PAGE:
Facilitator/Educator Guide: Coin Toss-up
If you toss a coin, there is a fifty-fifty chance it will land tails-side up. But what if you toss it five times, can you predict how often you'll get one tails and four heads versus three tails and two heads? In this activity, use a coin and some graph paper to explore how the accuracy of predictions is influenced by sample size.
If we are lucky, the questions we have to answer on a daily basis have only one of two outcomes. Will the grocery store be open or will it be closed? Will my football team win or lose? How probable is it that either of these outcomes will happen, and how can we calculate the answer? The solution is to use the rules of probability, the branch of mathematics that deals with calculating the likelihood of any single event happening.
Flipping a coin is an easy way to demonstrate the concepts of probability. The probability of flipping heads is 0.5, or 50% of the time, and the probability of flipping tails is also 50%. Each flip is also independent of the flip prior to it. This means that the next flip of the coin doesn't depend on the result of the previous flip. But if you flip a coin a number of times, is it equally likely to come up all tails compared to a combination of heads and tails? The answer is no, but there are ways to calculate the probability of each combination. All of these definitions contribute to why flipping a coin is a random process-it is because of indeterminacy in resulting combinations of coin flips, meaning not all combinations are equally likely.
Is it possible to predict accurately a combination of flips based on a prior series of flips? In this math activity, the students will investigate the probabilities associated with flipping coins. Each of the student groups will start by flipping a coin five times, noting the results, and repeating this process nine more times. Then they will count and plot the number of times every combination of heads and tails occurs. The students will then execute a series of five coin flips ten more times, for a total of 20 series of coin flips, and determine if they can accurately predict probability based on a small number of series.
This math activity can be used as a starting point for a variety of science and math discussions. Here are a few sample questions that can be used to start a discussion:
- What is the definition of mathematical probability?
- What are some examples where you made a decision based on probability?
- Who is Jacob Bernoulli and what is a Bernoulli trial?
- A few coins for each student group
- Data tables from the student activity directions for each student group to record their data
- Graph paper (1 package)
What to Do
Prepare Ahead (< 10 minutes)
- Print a copy of the student activity directions for each demo or small group. Each group will be able to record their data in the tables provided in the student directions.
- Allot each group a few coins, the data tables, two sheets of graph paper, and a few pencils
Science Activity (30-45 minutes)
- Each student group should have a few coins, a notebook, and a few pencils. Have the students practice flipping several coins for a few minutes, then ask them to choose the one that they think works best. Once the group chooses a coin, they should stick to that coin for the duration of the activity.
- Have students in each group flip a coin five times and write down the results of each flip in first line of Table 1. For example: heads, tails, tails, heads, tails could be noted as HTTHT.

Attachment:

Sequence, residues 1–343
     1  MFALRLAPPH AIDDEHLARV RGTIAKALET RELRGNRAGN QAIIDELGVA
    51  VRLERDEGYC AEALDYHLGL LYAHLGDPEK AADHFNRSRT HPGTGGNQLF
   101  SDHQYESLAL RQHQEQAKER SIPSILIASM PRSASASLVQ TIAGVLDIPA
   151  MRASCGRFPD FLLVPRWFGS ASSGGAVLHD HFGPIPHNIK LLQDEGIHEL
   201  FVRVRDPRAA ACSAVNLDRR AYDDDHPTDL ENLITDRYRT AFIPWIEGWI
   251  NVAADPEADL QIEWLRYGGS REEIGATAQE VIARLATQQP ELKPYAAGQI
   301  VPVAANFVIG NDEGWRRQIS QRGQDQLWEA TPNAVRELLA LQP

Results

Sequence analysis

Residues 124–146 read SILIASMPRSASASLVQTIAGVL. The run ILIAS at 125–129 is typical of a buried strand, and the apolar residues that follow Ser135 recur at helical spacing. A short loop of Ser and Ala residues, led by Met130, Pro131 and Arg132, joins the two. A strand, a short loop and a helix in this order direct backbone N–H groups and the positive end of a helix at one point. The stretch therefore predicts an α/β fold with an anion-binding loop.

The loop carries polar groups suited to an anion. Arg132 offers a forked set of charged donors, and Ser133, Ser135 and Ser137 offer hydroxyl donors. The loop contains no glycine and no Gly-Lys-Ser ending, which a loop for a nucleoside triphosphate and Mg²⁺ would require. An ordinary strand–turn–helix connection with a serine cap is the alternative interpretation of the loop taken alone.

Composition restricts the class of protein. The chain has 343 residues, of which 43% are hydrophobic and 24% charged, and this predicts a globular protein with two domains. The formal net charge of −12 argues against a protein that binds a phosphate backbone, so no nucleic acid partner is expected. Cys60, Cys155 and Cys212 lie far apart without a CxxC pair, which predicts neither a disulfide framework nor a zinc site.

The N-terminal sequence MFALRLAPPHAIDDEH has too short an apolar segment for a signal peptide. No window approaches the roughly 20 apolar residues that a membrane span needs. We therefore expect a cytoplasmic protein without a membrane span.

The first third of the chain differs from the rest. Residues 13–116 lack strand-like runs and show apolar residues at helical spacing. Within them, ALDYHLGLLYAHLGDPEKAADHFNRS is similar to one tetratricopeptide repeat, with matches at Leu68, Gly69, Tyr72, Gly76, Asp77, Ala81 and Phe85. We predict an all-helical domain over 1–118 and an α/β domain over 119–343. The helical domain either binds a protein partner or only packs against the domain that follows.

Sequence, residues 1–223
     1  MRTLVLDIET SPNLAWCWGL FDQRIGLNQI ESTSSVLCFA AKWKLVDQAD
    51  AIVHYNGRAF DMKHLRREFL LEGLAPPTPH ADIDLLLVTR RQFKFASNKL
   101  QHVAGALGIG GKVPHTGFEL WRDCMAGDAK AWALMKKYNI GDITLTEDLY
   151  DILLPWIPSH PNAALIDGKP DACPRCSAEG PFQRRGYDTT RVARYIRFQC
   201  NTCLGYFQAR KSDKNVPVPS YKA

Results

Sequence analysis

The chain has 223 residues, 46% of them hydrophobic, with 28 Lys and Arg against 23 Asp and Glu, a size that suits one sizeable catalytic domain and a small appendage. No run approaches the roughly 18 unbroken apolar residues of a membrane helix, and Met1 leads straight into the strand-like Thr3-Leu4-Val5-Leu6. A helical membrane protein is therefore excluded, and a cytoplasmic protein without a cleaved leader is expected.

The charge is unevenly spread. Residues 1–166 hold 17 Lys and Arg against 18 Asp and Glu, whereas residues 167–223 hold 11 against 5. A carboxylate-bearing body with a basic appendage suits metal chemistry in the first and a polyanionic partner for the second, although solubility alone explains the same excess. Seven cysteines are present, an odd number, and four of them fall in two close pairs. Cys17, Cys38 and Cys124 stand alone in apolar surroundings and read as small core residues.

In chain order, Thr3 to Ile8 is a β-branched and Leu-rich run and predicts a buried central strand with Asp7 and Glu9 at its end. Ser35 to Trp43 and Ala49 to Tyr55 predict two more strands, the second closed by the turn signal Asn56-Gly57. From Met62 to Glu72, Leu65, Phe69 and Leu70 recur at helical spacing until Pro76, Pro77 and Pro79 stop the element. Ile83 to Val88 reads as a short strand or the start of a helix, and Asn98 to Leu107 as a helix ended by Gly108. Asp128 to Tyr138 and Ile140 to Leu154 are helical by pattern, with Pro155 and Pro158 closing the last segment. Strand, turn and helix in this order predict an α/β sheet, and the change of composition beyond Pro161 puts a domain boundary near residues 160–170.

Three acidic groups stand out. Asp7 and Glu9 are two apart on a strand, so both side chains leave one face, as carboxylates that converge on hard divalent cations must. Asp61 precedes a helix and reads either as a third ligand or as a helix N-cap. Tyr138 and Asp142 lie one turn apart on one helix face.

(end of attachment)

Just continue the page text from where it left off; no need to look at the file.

- Each group should repeat step 2 nine more times, making sure that all of the results for each series of flips are recorded in Table 1 on the corresponding line.
- Once all the groups have finished ten series of flips, count the number of times each of six possible combinations of heads and tails occurs. Note that HTTHT and TTTHH would both be counted as two heads, three tails. Record the data in Table 2 under column 1 ("Count for Series #1-10").
|4 Heads, 1 Tails|
|3 Heads, 2 Tails|
|2 Heads, 3 Tails|
|1 Heads, 4 Tails|
- Now have each group graph the count data for each combination (the result is called a histogram) using a sheet of graph paper.
- Repeat steps 2 and 3 another ten times for a second series of flips (#11 through #20). Record the data in the second column of results on Table 1.
- The groups should then count the number of times each combination occurs in the #11 through #20 coin flip series and add that information to Table 2 under the second column. Then, add the first and second columns in Table 2 and place the sum in the third column of Table 2. This is the count data for all 20 series.
- Each group should graph the data for the 20 series on a second histogram using another sheet of graph paper.
- Compare the two histograms. Is there a difference? What does this tell you about making conclusions based on a small number of series?
Each group should have a plot approaching a binomial distribution, or bell-shaped curve, for the 20 series of flips. But the plot for the series of ten may not have the typical bell-shaped feature. The difference in the histograms illustrates the concept that it is not accurate to base predictions on a small amount of data.
For Further Exploration
This science activity can be expanded or modified in a number of ways. Here are a few options:
- Continue for 30 series and then plot the data. What does the plot look like and how does it compare to the plot for the 20 series?
- Redo the activity with seven coin flips in each series and a total of 20 series. Is the resulting histogram similar to the one with 20 series of five flips per series?
- Write a computer program to generate the data rather than flipping a real coin.